Feb 8, 2013
'tis the same old shellelagh...
Lately it's been living on its own dedicated nail in the spot handiest to the desk and used from time to achy time in the wake of an aviation accident.
The wheels-up landing from the second step of shop entry stairs scared me for longer than I like being frightened, about 60 seconds, crookedly prone on ice and frozen crushed lime pebbles. That's the time it took to inventory the parts and determine the extent to which the usual processes had been modified by percussion. Inventory complete, I hobbled to the quarters, in fact with part of the kindling I'd just cut cradled in the left arm. The right was busy steadying this veteran carcass on whatever was handy along the way -- a tree, a vehicle, the big garbage can and, finally, the hand rail.
I built the fire, popped some ibuprofen and settled on the couch. To ER or not ER, that is the question. The answer was "not yet, anyway."
That was all a week ago tonight. The bruises have cleared up, the questionable knee again dependable and the elbow fit for lifting. What's left of the mishap is some sort of torn or pulled or otherwise disheveled muscle or tendon. If I were to describe it clinically, scientifically, I'd call it "like, y'know, a charlie horse."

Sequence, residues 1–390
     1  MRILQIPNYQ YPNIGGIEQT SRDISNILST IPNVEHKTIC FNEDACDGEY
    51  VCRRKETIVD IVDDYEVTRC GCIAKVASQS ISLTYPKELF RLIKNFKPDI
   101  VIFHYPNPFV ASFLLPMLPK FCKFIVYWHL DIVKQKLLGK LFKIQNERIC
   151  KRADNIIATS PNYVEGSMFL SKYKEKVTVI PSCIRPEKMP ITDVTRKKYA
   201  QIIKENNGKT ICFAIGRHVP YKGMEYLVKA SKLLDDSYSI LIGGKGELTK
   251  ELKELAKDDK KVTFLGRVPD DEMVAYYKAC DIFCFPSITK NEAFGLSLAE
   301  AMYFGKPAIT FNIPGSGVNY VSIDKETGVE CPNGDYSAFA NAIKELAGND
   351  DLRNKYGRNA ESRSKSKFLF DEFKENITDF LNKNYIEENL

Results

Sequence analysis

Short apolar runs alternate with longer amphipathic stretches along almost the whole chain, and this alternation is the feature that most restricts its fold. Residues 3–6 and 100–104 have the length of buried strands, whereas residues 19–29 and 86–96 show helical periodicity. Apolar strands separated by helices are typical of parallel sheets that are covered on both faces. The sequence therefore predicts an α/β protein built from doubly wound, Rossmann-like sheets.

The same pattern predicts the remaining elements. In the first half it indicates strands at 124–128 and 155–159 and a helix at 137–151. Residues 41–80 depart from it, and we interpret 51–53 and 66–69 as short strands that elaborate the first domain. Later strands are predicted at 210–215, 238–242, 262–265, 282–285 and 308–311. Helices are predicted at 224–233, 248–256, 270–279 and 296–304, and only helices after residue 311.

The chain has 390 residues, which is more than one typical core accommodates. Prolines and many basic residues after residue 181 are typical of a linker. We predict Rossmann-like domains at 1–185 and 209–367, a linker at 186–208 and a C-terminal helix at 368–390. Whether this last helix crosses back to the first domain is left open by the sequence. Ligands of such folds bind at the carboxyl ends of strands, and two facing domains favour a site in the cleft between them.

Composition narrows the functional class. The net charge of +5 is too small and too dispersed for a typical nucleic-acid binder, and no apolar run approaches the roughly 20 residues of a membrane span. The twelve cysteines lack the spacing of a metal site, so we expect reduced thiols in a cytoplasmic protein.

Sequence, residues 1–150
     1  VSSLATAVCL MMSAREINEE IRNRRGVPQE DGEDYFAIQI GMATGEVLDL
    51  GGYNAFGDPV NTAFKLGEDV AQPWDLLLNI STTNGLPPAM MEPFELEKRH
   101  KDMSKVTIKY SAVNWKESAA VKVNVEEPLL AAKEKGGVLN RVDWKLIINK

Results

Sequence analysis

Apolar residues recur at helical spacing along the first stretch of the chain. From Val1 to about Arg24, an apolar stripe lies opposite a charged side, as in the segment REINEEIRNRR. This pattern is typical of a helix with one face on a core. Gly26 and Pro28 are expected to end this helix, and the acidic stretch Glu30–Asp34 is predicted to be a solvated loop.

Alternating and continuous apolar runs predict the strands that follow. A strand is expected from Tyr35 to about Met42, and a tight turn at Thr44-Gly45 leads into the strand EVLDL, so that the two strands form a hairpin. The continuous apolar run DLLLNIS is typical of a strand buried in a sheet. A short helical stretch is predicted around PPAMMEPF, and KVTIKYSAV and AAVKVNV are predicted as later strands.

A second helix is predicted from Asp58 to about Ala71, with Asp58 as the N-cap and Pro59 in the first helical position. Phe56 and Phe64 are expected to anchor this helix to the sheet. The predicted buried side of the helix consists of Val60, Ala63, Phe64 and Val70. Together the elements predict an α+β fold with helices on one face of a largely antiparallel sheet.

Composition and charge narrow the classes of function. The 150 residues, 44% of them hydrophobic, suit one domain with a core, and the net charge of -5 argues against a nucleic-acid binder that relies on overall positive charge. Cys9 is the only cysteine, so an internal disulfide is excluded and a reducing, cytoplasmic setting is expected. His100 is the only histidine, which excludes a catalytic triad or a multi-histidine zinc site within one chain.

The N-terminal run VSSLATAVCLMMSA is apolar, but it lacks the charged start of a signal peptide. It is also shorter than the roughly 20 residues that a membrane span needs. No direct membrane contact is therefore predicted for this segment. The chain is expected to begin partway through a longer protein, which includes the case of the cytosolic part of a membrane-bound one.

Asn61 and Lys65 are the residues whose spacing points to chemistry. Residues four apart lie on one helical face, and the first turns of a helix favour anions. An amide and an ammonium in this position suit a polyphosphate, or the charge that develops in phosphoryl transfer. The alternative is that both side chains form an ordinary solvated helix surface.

It yields to five count-em-five ibuprofen every morning and, when I'm walking a lot, a little assist from the Irish persuader. I would carry it all the time in hopes of eliciting sincere sympathy. Unfortunately I don't travel in circles like that. ("Humph. Old fart ought to be more careful.")
If the reader believes this post is primarily for the purpose of relating a personal mishap, he or she is somewhat mistaken. Like all TMR communications, it is intended to edify. In this case on the matter of Irish weaponry and Irish history.
My shillelagh is phony, pure Midwest Brand X, like a Pakistani pocket knife. It is the stem of a scrub cedar whereas it should be blackthorn or, even more traditional, oak.
In the glory days of Hibernia, no Irish gentlemen would have set out for the pub without his oaken stick. Then came the bloody British looking for women prettier than their own and lumber for their ships. They found both, captured a few our women and all of our trees. This accounts for the blackthorn, the occasional attractive English person, and the fact that many of you have heard of a sailor named Nelson.